He is going to help Harry, without reservation.
  Many supporting characters make this book very alive. As in any good detective novel (and this one is excellent), you can find a woman, preferably very beautiful, and in this one, you have two of them: Helen Conway, unfaithful wife (is she really?) and Katie Donnelly, independent journalist, who was doing a report on Imelda Sheridan at the time of her murder. An associated buddy of Harry, who is a computer specialist but is also addicted to drugs, and a bar owner who is a childhood friend, complete the
gallery of portraits, along with the ‘Laurel and Hardy’ of the city police force.
  Being a traditional detective novel, it is nevertheless very modern. The disillusioned and realistic author contemplates present-day Ireland and seems to say “Here is what this country became!”. And everything is looked over, from real estate speculation which transforms a traditional city into a urban nightmare to traffics of all kinds, traffics of influence and drugs, with opportunistic politicians passing briskly from one side to the other. Police officers are anything but representatives of law and order, except if it is their own law they represent. And in addition to the peace of mind of the decent people, the local speciality, which consists in paramilitaries of all sides, replaced the worship of heroes by the one of heroin! To spice all that, sprinkle one pinch of blackmail and some sex and you have a very good novel. Not to forget a sense of humour as black as a slowly poured Guinness.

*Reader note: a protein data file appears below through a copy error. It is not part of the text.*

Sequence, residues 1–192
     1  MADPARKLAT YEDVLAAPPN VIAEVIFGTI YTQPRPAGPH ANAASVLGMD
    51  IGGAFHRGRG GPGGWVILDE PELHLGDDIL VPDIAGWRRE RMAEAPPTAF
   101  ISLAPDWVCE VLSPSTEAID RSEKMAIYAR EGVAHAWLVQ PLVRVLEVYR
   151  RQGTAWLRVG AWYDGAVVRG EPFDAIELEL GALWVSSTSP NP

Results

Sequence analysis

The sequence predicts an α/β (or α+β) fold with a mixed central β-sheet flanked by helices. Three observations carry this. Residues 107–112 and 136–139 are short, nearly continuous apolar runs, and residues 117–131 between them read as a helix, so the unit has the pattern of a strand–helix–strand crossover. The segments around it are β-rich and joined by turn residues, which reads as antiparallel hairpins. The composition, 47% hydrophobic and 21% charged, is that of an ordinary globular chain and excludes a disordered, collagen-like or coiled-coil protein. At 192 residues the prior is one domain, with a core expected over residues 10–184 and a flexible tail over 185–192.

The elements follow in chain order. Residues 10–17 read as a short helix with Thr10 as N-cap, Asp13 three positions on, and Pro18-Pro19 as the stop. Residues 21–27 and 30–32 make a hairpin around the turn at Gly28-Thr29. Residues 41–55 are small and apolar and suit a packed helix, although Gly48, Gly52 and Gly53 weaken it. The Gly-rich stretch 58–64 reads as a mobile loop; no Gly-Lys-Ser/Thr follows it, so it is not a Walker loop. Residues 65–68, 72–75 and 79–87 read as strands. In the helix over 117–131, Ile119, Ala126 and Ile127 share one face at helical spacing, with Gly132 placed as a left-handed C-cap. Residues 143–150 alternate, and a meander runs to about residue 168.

It is a bitter report of a world where facility, money and power reign supreme and there is something even more terrifying with synthetic drugs and the lucrative industry they created blending with well-established networks mixing avid businessmen and politicians.

  Many thanks to Joelle at Bibliodudolmen for providing the translation.

“Ya Wanna Do It Here Or Down The Station, Punk?”: Kevin Lewis

Yep, it’s rubber-hose time, folks: a rapid-fire Q&A for those shifty-looking usual suspects ...

What crime novel would you most like to have written?
THE LADY IN THE LAKE by Raymond Chandler and TIGER IN THE SMOKE by Margery Allingham.
What fictional character would you most like to have been?
It’s not crime but definitely Indiana Jones.
Who do you read for guilty pleasures?
Viz.
Most satisfying writing moment?
Finishing my first crime novel, KAITLYN.
The best Irish crime novel is …?
THE KILLING OF THE TINKERS by Ken Bruen.
What Irish crime novel would make a great movie?
THE KILLING OF THE TINKERS.
Worst / best thing about being a writer?
Worst – the loneliness. Best – Seeing my work in book form ready for the readers.
The pitch for your next book is …?
I wanted to keep writing about what I know best – the sprawling and nasty urban estates, the crime and brutality of the gangs and the harsher realities of London life. My new novel, FALLEN ANGEL is the first novel in a new series featuring DI Stacey Collins – a single mum in her 30s, and a gritty hard-nosed detective in the Metropolitan Police.
Who are you reading right now?
A FAREWELL TO ARMS by Ernest Hemingway.
God appears and says you can only write OR read. Which would it be?
Write, because then I can read what I’ve written.